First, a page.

48. Michler T, Aguilera J, Hanelt D, Bischof K, Wiencke C (2002) Long-term effects of ultraviolet radiation on growth and photosynthetic performance of polar and cold-temperate macroalgae. Mar Biol 140:1117–1127CrossRefGoogle Scholar
  49. Navarro NP, Mansilla A, Palacios M (2008) UVB effects on early developmental stages of commercially important macroalgae in southern Chile. J Appl Phycol 20:897–906CrossRefGoogle Scholar
  50. Norton TA (1977) The growth and development of Sargassum muticum (Yendo) Fensholt. J Exp Mar Biol Ecol 26:41–53CrossRefGoogle Scholar
  51. Nygard CA, Ekelund NGA (2006) Photosynthesis and UV-B tolerance of the marine alga Fucus vesiculosus at different sea water salinities. J Appl Phycol 18:461–467CrossRefGoogle Scholar
  52. Pansch C, Gómez I, Rothäusler E, Véliz K, Thiel M (2008) Species-specific defense strategies of vegetative versus reproductive blades of the Pacific kelps Lessonia nigrescens and Macrocystis integrifolia. Mar Biol 155:51–62CrossRefGoogle Scholar
  53. Pavia H, Toth GB (2000) Inducible chemical resistance to herbivory in the brown seaweed Ascophyllum nodosum. Ecology 81:3212–3225Google Scholar
  54. Pavia H, Cervin G, Lindgren A, Aberg P (1997) Effects of UVB radiation and simulated herbivory on phlorotannins in the brown alga Ascophyllum nodosum. Mar Ecol Prog Ser 157:139–146CrossRefGoogle Scholar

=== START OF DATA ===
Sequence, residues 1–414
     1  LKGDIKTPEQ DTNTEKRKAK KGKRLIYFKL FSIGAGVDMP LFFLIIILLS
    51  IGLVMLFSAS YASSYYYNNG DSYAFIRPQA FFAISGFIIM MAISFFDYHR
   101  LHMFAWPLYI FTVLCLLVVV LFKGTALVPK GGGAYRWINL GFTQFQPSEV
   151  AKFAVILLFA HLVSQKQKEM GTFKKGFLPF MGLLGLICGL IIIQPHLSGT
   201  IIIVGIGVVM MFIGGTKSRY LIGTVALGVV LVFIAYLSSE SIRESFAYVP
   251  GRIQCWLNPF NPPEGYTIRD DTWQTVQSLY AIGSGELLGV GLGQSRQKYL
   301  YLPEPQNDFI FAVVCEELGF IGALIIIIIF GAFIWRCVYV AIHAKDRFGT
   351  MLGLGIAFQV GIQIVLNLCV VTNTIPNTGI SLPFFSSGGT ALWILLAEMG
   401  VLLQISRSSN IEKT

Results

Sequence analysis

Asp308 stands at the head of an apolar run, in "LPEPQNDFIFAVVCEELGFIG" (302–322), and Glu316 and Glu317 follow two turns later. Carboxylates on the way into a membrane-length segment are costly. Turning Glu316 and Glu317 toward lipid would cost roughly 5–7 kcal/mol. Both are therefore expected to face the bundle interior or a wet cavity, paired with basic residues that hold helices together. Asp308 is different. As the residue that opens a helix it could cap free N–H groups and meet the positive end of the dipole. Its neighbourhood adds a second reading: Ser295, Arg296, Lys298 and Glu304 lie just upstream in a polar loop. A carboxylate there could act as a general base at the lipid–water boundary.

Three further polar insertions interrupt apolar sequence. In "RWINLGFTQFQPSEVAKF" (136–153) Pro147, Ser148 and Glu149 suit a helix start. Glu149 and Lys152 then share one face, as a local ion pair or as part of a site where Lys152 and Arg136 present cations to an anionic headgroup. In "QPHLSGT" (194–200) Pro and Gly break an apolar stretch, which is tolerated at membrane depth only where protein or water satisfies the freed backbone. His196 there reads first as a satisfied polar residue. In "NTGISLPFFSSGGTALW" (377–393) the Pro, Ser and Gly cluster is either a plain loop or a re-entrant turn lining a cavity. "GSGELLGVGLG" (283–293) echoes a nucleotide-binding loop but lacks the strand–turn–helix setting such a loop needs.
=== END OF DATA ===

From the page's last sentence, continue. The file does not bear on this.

55. Roleda MY, Wiencke C, Hanelt D, Bischof K (2007) Sensitivity of the early life stages of macroalgae from the northern hemisphere to ultraviolet radiation. Photochem Photobiol 83:851–862CrossRefGoogle Scholar
  56. Rothäusler E, Thiel M (2006) Effect of detachment status on the palatability of two kelp species. J Appl Phycol 18:423–435CrossRefGoogle Scholar
  57. Rothäusler E, Gómez I, Hinojosa IA, Karsten U, Tala F, Thiel M (2009) Effect of temperature and grazing on growth and reproduction of floating Macrocystis spp. (Phaephyceae) along a latitudinal gradient. J Phycol 45:547–559CrossRefGoogle Scholar
  58. Rothäusler E, Gómez I, Hinojosa IA, Karsten U, Tala F, Thiel M (accepted) Physiological performance of floating giant kelp Macrocystis pyrifera (Phaeophyceae): Latitudinal variability in the effects of temperature and grazing. J Phycol Google Scholar